The machine, hands down.
These days the machine is so incomparably stronger than a player, that even if a player comes up with a better long-term strategy, they will still lose to inevitably missing tactics. Even if they don't outright drop material, they will overlook threats and walk into a situation where they need to concede positional advantage to not lose that material.
It's good to understand the role of Engines in human opening preparation. Players would play through various lines against a computer looking for a good position, and using the engine to spot and avoid tactical problems for themselves, while laying tactical problems for the opponent. Thus when they get to the board, if the line played out matches the studies of one player more than the other, they will instantly know which moves to play and the other is in danger of falling prey to the tactics uncovered by the machine.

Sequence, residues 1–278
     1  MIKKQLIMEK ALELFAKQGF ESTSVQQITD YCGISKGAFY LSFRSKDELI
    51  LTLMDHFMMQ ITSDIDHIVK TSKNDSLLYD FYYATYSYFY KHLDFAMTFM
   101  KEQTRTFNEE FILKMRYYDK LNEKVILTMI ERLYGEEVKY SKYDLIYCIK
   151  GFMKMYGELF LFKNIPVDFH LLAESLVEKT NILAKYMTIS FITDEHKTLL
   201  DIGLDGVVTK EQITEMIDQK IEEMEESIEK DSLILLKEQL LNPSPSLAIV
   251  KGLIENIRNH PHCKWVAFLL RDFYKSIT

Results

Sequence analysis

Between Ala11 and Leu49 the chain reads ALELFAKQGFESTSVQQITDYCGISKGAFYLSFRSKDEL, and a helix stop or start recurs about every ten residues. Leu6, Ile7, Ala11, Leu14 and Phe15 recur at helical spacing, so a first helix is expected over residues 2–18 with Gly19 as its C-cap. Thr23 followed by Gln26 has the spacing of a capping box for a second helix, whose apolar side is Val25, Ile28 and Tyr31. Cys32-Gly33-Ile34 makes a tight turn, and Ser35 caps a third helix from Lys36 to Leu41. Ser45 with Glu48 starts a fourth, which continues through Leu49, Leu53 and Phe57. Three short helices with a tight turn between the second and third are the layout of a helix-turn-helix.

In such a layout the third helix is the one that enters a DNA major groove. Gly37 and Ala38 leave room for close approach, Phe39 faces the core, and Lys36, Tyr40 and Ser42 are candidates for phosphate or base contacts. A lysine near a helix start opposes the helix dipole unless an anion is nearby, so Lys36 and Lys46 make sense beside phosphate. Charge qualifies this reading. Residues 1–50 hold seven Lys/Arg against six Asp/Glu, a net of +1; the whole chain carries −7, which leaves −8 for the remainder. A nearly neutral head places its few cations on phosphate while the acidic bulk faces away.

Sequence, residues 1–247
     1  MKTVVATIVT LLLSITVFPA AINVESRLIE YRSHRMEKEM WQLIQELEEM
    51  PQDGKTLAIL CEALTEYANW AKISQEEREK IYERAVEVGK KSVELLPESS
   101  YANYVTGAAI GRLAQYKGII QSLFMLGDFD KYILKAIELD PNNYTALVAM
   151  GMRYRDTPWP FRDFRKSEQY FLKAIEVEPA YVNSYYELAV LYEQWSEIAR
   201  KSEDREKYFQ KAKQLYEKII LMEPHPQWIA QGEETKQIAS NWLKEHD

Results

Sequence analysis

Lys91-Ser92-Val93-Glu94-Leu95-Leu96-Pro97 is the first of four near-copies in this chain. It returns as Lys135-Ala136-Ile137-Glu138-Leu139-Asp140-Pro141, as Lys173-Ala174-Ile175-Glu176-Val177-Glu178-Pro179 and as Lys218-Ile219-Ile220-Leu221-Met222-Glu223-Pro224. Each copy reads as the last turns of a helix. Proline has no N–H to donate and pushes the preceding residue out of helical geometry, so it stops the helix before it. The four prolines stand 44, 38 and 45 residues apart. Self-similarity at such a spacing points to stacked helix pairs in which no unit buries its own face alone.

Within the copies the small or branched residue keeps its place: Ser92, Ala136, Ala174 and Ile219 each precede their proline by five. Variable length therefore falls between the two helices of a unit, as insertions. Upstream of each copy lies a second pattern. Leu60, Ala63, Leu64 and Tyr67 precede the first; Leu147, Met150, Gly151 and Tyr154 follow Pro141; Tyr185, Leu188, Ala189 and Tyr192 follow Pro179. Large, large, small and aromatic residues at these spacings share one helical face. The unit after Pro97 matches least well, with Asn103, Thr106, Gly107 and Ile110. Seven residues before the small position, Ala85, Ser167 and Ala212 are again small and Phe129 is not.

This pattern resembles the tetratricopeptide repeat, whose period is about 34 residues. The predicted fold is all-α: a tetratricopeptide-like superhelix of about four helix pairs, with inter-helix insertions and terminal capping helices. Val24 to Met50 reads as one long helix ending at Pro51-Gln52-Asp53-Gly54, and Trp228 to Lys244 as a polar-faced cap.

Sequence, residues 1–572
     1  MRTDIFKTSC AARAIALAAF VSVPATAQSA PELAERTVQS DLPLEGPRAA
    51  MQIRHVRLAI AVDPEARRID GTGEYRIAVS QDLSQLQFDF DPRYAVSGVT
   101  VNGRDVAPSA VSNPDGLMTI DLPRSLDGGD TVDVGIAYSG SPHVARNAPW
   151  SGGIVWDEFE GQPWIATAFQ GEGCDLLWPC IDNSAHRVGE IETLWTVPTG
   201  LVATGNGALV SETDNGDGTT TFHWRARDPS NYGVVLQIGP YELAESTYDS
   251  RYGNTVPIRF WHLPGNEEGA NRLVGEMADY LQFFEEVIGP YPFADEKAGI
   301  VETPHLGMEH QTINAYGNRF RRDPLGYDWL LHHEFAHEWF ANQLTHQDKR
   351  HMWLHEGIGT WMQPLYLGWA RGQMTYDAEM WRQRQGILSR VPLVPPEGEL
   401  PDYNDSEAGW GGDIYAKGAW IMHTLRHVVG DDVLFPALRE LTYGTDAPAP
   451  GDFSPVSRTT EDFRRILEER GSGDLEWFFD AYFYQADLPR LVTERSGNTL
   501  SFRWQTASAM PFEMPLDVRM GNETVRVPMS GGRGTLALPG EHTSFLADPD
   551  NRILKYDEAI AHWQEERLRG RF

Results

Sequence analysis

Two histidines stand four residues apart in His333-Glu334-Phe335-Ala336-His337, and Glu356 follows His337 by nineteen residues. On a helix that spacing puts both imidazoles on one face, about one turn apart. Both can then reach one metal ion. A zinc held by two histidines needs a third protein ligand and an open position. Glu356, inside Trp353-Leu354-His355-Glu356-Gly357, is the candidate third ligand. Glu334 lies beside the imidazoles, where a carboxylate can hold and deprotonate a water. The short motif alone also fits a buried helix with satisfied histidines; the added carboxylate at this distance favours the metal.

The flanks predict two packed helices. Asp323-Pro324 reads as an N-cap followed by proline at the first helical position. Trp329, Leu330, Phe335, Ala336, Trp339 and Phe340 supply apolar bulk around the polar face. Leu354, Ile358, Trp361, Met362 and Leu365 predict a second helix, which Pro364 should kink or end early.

This is why Fischer invented Random, to get away from excessive analysis. It is impossible for a player to memorize 960 opening schemes. Yet a computer is capable of memorizing, playing itself thousands of matches AFK. But even if you throw that opening book out (and with the new generation following Alpha Zero, this doesn't even make sense) and elite players win the strategy of the opening, yet machines will crush them in the execution.